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Eigth Day, Novel III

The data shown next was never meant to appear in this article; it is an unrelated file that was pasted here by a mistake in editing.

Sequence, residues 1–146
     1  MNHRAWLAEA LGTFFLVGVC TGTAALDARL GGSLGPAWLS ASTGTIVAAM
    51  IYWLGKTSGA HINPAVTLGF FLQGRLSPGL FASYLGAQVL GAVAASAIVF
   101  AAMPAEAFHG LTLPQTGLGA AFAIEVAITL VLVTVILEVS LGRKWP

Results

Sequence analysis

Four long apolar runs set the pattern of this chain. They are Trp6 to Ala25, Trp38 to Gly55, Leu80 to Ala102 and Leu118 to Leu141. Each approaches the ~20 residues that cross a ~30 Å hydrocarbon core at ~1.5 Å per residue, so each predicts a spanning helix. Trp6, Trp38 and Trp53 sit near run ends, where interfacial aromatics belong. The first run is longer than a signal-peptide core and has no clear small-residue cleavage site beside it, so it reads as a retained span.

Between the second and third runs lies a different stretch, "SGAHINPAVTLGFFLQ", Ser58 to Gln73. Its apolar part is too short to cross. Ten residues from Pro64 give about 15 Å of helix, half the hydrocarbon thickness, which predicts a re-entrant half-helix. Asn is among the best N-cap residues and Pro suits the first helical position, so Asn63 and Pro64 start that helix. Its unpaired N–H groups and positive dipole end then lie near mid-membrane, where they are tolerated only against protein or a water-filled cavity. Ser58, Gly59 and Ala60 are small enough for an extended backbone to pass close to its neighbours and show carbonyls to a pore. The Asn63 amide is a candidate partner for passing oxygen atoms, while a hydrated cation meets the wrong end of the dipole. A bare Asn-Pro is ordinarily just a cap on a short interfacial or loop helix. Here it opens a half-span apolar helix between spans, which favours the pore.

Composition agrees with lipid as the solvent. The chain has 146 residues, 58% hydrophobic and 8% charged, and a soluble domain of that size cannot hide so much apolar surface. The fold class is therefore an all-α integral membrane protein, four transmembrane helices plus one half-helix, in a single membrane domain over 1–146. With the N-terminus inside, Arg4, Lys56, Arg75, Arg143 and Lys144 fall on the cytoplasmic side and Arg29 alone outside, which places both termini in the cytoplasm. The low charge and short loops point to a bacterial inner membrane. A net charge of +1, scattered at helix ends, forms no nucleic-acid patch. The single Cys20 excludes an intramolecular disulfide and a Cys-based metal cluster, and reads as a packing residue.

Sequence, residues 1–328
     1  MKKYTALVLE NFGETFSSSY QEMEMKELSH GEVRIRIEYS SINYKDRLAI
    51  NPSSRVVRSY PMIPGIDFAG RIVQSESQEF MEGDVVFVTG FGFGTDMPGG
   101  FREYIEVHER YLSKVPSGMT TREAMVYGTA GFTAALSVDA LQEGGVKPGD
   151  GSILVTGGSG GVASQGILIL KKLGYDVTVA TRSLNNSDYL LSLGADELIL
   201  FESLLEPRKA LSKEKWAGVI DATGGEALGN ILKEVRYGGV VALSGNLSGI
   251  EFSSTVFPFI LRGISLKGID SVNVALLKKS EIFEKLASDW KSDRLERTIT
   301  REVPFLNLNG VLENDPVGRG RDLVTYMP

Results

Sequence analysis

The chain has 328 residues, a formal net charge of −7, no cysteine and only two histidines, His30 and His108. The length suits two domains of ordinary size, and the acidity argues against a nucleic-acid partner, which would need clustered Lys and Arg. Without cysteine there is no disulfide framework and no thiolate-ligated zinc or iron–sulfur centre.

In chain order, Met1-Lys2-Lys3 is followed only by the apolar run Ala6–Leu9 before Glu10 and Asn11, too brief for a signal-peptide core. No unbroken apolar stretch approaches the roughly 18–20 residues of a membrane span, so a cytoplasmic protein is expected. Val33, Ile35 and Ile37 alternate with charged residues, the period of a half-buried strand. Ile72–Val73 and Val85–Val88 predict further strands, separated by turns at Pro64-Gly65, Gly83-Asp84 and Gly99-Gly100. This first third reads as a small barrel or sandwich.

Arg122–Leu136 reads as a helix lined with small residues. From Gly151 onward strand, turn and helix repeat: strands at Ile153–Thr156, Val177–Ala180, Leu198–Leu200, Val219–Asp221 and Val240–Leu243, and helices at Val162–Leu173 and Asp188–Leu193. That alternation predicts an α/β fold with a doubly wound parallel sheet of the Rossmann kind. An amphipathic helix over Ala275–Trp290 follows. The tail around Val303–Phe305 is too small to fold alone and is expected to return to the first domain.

[018] Now Calandrino, like the simple soul that he was, marking the composed and grave countenance with which Maso spoke, could not have believed him more thoroughly, if he had uttered the most patent truth, and thus taking his words for gospel: "'Tis a trifle too far for my purse," quoth he; "were it nigher, I warrant thee, I would go with thee thither one while, just to see the macaroni come tumbling down, and take my fill thereof. But tell me, so good luck befall thee, are none of these stones, that have these rare virtues, to be found in these regions?" [019] "Ay," replied Maso, "two sorts of stone are found there, both of virtues extraordinary. The one sort are the sandstones of Settignano and Montisci, which being made into millstones, by virtue thereof flour is made; wherefore 'tis a common saying in those countries that blessings come from God and millstones from Montisci: but, for that these sandstones are in great plenty, they are held cheap by us, just as by them are emeralds, whereof they have mountains, bigger than Monte Morello, that shine at midnight, a God's name! And know this, that whoso should make a goodly pair of millstones, and connect them with a ring before ever a hole was drilled in them, and take them to the Soldan, should get all he would have thereby. [020] The other sort of stone is the heliotrope, as we lapidaries call it, a stone of very great virtue, inasmuch as whoso carries it on his person is seen, so long as he keep it, by never another soul, where he is not." [021] "These be virtues great indeed," quoth Calandrino; "but where is this second stone to be found?"[022]Whereto Maso made answer that there were usually some to be found in the Mugnone. [023] "And what are its size and colour?" quoth Calandrino. [024] "The size varies," replied Maso, "for some are bigger and some smaller than others; but all are of the same colour, being nearly black." [025] All these matters duly marked and fixed in his memory, Calandrino made as if he had other things to attend to, and took his leave of Maso with the intention of going in quest of the stone, but not until he had let his especial friends, Bruno and Buffalmacco, know of his project. [026] So, that no time might be lost, but, postponing everything else, they might begin the quest at once, he set about looking for them, and spent the whole morning in the search. [027] At length, when 'twas already past none, he called to mind that they would be at work in the Faentine women's convent, and though 'twas excessively hot, he let nothing stand in his way, but at a pace that was more like a run than a walk, hied him thither; and so soon as he had made them ware of his presence, thus he spoke: [028] "Comrades, so you are but minded to hearken to me, 'tis in our power to become the richest men in Florence; for I am informed by one that may be trusted that there is a kind of stone in the Mugnone which renders whoso carries it invisible to every other soul in the world. Wherefore, methinks, we were wise to let none have the start of us, but go search for this stone without any delay. [029] We shall find it without a doubt, for I know what 'tis like, and when we have found it, we have but to put it in the purse, and get us to the moneychangers, whose counters, as you know, are always laden with groats and florins, and help ourselves to as many as we have a mind to. No one will see us, and so, hey presto! we shall be rich folk in the twinkling of an eye, and have no more need to go besmearing the walls all day long like so many snails." [030] Whereat Bruno and Buffalmacco began only to laugh, and exchanging glances, made as if they marvelled exceedingly, and expressed approval of Calandrino's project. Then Buffalmacco asked, what might be the name of the stone. [031] Calandrino, like the numskull that he was, had already forgotten the name: so he made answer: "Why need we concern ourselves with the name, since we know the stone's virtue? methinks, we were best to go look for it, and waste no more time." [032] "Well, well," said Bruno, "but what are the size and shape of the stone?" [033] "They are of all sizes and shapes," said Calandrino, "but they are all pretty nearly black; wherefore, methinks, we were best to collect all the black stones that we see until we hit upon it: and so, let us be off, and lose no more time." [034] "Nay, but," said Bruno, "wait a bit." And turning to Buffalmacco: "Methinks," quoth he, "that Calandrino says well: but I doubt this is not the time for such work, seeing that the sun is high, and his rays so flood the Mugnone as to dry all the stones; insomuch that stones will now shew as white that in the morning, before the sun had dried them, would shew as black: [035] besides which, to-day being a working-day, there will be for one cause or another folk not a few about the Mugnone, who, seeing us, might guess what we were come for, and peradventure do the like themselves; whereby it might well be that they found the stone, and we might miss the trot by trying after the amble. [036] Wherefore, so you agree, methinks we were best to go about it in the morning, when we shall be better able to distinguish the black stones from the white, and on a holiday, when there will be none to see us."